HAMBURG — Now that it is September, my thoughts turn to autumn and all the bounty of harvest time. I’m sure there are people canning and making jelly from all the wonderful fruits and vegetables. I am not one of those people.
I will occasionally make some freezer jam or a random jar of refrigerator pickles. There has never been a time when I canned or processed anything. One year, when a neighbor gave me a bushel of tomatoes, I almost learned to can. I might have, except he told me that he always froze the tomatoes whole, like billiard balls, and used them in soups and stews, all winter.
Because my basic nature is lazy, that is what I did. I filled freezer bag after freezer bag with big, round tomatoes. He was right. They did resemble frozen billiard balls. But it was easy, and I floated them in homemade soups all winter, with great success.
This year, in a fit of domesticity, I decided to make my own herbal teas for winter. I have an enormous herb patch filled with many varieties of mint and other fragrant plants. I like herbal tea, but at around $4 for a box of 16 tea bags, I can see the wisdom of making my own.
I bought a dehydrator and I’ve been drying herbs like a crazy woman. I now have seven quart jars filled with dried peppermint, spearmint, chocolate mint, lemon balm and lavender. The dehydrator cost me $60, so I should use it as much as possible, to actually save any money on herbal tea; I am going to need a lot more jars.
In my backyard, I also have an apple tree that is finally having a bumper crop, after almost 30 years of sporadic, worm-ridden, table tennis ball-sized sized apples. I’m absolutely going to have to do something about these bona fide, honest-to-goodness apples. It may be another 30 years before it happens again.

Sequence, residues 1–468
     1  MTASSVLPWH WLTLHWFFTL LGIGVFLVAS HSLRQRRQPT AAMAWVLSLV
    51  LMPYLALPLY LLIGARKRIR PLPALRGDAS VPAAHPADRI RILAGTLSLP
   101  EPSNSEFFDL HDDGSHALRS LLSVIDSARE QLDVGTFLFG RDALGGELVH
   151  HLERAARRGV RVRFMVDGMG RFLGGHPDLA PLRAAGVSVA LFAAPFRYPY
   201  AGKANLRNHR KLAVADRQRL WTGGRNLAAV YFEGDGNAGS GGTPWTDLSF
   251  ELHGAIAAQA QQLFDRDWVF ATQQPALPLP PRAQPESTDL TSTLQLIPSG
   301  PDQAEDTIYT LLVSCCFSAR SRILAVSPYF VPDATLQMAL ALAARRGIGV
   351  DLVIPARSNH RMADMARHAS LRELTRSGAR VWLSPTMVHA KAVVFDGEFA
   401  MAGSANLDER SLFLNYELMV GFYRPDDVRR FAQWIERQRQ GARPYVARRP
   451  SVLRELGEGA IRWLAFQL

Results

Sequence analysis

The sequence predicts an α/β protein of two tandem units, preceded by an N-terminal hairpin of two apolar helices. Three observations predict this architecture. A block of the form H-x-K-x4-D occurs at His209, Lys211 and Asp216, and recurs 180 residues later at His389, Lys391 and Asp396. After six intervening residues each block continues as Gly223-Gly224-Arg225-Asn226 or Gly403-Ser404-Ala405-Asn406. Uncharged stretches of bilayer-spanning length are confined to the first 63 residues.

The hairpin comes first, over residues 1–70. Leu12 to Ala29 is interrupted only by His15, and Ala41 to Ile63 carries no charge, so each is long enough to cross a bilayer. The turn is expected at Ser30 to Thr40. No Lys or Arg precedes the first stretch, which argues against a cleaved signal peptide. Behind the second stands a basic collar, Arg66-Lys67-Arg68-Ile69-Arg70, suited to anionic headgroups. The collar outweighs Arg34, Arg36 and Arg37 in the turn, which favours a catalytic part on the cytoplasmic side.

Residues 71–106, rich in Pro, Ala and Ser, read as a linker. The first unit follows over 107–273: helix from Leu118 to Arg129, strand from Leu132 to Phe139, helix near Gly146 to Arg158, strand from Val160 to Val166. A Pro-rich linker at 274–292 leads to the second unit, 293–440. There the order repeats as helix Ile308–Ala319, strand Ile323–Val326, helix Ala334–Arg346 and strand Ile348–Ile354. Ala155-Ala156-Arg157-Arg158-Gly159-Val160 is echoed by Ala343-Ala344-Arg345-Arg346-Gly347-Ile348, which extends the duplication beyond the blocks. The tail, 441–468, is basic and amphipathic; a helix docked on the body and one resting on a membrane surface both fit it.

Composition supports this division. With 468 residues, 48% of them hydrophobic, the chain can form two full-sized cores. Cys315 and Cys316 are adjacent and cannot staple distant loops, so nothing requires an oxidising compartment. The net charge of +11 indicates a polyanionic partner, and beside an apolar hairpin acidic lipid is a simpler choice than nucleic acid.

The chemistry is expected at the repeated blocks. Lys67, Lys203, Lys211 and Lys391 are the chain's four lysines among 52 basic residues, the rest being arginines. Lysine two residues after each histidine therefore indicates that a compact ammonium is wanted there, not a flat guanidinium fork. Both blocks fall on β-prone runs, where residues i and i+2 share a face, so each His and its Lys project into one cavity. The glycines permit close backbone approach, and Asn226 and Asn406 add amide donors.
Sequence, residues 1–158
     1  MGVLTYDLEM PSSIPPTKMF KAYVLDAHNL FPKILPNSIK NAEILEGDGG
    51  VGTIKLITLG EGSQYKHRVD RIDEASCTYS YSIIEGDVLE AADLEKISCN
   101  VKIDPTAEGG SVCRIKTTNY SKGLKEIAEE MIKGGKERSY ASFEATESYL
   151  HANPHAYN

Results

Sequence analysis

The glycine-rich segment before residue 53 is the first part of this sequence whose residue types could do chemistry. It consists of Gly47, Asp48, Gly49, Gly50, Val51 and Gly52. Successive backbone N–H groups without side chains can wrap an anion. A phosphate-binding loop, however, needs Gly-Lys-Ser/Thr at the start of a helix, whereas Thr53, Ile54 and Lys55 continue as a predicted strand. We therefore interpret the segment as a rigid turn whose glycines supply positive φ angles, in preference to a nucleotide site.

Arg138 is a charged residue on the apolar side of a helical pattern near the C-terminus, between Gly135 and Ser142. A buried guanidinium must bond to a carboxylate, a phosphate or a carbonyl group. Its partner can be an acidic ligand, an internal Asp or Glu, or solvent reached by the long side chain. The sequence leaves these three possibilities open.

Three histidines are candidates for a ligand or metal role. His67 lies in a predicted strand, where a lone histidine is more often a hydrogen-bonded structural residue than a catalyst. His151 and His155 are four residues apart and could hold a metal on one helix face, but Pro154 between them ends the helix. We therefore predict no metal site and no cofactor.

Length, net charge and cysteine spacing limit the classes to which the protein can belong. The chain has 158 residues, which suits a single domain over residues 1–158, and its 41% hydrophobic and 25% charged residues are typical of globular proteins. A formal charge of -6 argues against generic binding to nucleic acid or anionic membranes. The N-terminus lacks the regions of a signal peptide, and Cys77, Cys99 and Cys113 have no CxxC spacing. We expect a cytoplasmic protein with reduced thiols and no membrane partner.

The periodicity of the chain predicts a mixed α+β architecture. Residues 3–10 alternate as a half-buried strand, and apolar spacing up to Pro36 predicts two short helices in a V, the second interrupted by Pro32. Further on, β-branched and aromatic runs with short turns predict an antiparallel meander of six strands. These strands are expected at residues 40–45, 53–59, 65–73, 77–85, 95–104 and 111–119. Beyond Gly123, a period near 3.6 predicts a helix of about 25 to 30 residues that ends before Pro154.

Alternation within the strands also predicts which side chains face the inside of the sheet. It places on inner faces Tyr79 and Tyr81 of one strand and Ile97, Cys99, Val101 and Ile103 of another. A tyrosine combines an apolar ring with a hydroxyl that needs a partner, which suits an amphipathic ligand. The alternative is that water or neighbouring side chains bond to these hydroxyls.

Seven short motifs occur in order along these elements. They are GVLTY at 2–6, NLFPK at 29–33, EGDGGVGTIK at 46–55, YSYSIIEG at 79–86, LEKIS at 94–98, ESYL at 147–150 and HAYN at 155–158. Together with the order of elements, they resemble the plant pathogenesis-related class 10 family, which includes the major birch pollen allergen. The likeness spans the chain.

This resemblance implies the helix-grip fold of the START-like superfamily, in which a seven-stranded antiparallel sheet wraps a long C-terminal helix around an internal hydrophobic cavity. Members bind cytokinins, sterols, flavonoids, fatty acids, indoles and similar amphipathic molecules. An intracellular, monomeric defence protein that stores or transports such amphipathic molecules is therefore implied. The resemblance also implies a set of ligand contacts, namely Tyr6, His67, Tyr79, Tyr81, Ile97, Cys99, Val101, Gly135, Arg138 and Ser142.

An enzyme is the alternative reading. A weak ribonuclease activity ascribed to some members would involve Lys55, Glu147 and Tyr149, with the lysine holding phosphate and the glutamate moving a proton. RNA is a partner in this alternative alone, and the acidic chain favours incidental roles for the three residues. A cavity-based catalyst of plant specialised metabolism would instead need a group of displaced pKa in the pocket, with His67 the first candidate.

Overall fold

I made an apple pie today and then dried some in my dehydrator. Nine apples down and 1,000 to go. I wonder if I can freeze them like I did the tomatoes. Something tells me this might be a bad idea.
Last year, around this time, I also bought a giant kohlrabi from Winter’s Farms at the farmer’s market. It had to be 10 pounds and was bigger than a basketball. I got 10 meals from that kohlrabi and to think, before I bought it, I didn’t even know what that alien-looking vegetable was.
This fall, I noticed that the store has more behemoth kohlrabi. I just might buy one. At least I now know what it is. Maybe I’ll freeze some of that, too.
I try. I really do. Harvest time inspires me to jump on the bandwagon and preserve the bounty, much like a squirrel is inspired to fill a hollow tree with acorns.
In fact, with a little imagination, my freezer seems a lot like a hollow tree. I keep putting stuff in there for winter, just like a squirrel. Come to think about it, squirrels don’t know how to can or make jelly either and they get through the winter just fine.